Actress-filmmaker Lina Esco has been cast as a regular in Ryan Murphy‘s HBO pilot Open, a provocative exploration of human sexuality and relationships. It centers on five central characters played by Michelle Monaghan, Scott Speedman, Wes Bentley, Anna Torv and Jennifer Jason Leigh. Esco will play Gina, a smoking hot and extremely ambitious employee at Jonathan’s sports management agency (and the object of his sexting and extra-curricular exploits) who will stop at nothing to get the job promotion AND her man. Esco, repped by Luber Roklin, co-starred opposite Miley Cyrus in LOL and wrote and directed her first film, the provocative Free The Nipple. Read More »
UPDATE, 11:05 AM: James Cameron has issued a statement through Fox about last week’s Bryant Moore ruling: “Sadly, a cottage industry has arisen of fortune hunting plaintiffs seeking to ‘strike it rich’ by claiming their ideas were the basis for Avatar. As I have previously stated, Avatar was my most personal film, drawing upon themes and concepts that I had been exploring for decades. Our film was also the product of a team of some of the world’s most creative artists and designers, and it is an insult to all of them when these specious claims are made. I am grateful that Judge Titus and the other jurists who have dealt with these cases have recognized the complete lack of merit of these offensive lawsuits.”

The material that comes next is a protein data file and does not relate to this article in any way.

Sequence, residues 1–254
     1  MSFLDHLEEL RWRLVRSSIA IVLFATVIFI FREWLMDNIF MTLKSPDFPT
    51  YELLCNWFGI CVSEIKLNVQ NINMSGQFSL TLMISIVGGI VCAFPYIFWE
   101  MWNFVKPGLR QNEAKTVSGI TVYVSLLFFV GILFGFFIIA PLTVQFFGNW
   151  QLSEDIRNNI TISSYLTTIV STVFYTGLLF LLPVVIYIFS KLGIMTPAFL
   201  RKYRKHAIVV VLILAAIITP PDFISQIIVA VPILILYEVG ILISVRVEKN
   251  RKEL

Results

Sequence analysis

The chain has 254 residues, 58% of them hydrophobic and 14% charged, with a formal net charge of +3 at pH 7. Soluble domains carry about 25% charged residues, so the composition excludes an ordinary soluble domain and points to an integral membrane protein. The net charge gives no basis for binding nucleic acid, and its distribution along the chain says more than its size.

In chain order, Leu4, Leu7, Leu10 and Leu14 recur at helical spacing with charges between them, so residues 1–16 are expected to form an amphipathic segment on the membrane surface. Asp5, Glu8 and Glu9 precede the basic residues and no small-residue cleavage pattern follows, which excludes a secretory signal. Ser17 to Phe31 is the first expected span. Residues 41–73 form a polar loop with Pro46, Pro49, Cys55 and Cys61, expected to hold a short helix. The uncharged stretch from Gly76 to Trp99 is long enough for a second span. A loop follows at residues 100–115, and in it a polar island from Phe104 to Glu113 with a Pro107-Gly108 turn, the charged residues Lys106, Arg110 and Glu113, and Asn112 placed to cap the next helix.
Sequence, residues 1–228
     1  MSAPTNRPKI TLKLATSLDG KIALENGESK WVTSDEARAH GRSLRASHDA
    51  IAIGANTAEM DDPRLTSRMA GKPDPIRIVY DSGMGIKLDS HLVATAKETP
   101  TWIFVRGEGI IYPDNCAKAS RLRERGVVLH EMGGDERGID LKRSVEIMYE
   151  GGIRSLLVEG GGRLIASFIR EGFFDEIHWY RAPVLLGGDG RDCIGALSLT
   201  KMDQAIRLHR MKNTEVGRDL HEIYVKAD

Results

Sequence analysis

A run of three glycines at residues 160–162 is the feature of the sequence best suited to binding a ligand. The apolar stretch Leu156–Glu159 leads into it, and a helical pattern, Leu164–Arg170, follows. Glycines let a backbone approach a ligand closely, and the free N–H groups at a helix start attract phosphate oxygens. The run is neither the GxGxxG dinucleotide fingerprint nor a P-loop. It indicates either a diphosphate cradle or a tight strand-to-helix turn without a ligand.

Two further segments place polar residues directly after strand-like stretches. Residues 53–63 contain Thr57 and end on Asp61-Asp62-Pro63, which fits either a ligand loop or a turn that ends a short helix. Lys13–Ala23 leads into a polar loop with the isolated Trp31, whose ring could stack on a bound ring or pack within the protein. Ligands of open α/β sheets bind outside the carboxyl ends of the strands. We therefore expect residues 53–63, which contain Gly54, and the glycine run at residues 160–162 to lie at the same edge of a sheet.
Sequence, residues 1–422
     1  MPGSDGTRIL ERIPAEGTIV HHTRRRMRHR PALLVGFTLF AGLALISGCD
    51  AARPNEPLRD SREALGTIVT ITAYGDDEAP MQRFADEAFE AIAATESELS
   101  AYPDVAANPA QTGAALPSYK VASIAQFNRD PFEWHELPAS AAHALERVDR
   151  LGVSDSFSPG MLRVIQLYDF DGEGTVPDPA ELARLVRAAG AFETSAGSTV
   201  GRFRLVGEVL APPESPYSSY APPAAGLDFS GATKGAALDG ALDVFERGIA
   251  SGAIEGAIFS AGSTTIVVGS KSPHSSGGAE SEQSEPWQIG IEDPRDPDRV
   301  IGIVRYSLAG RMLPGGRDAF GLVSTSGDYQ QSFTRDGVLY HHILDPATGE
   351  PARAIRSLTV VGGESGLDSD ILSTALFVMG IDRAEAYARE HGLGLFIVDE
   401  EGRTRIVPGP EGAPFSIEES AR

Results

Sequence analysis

PREVIOUS, MONDAY AM: It took over two years but the highest-grossing movie of all time, James Cameron and Fox are finally free of yet another Avatar lawsuit. “In conclusion, the story of Jake Sully and his exploits are the original work of the Defendants and the Plaintiff has failed to demonstrate any valid claim of a violation of his copyrights,” a federal District judge in Maryland wrote late last week of sci-fi writer Bryant Moore’s $2.5 billion lawsuit (read it here). The Memorandum Opinion and a following Order by Judge Roger Titus effectively ends the case with a summary judgment and other orders in Cameron and Fox’s favor. Moore will also have to pay all legal costs in the case.
Related: Sam Worthington & Zoe Saldana To Return For ‘Avatar’ Sequels: Fox Eyeing End Of Year Start Read More »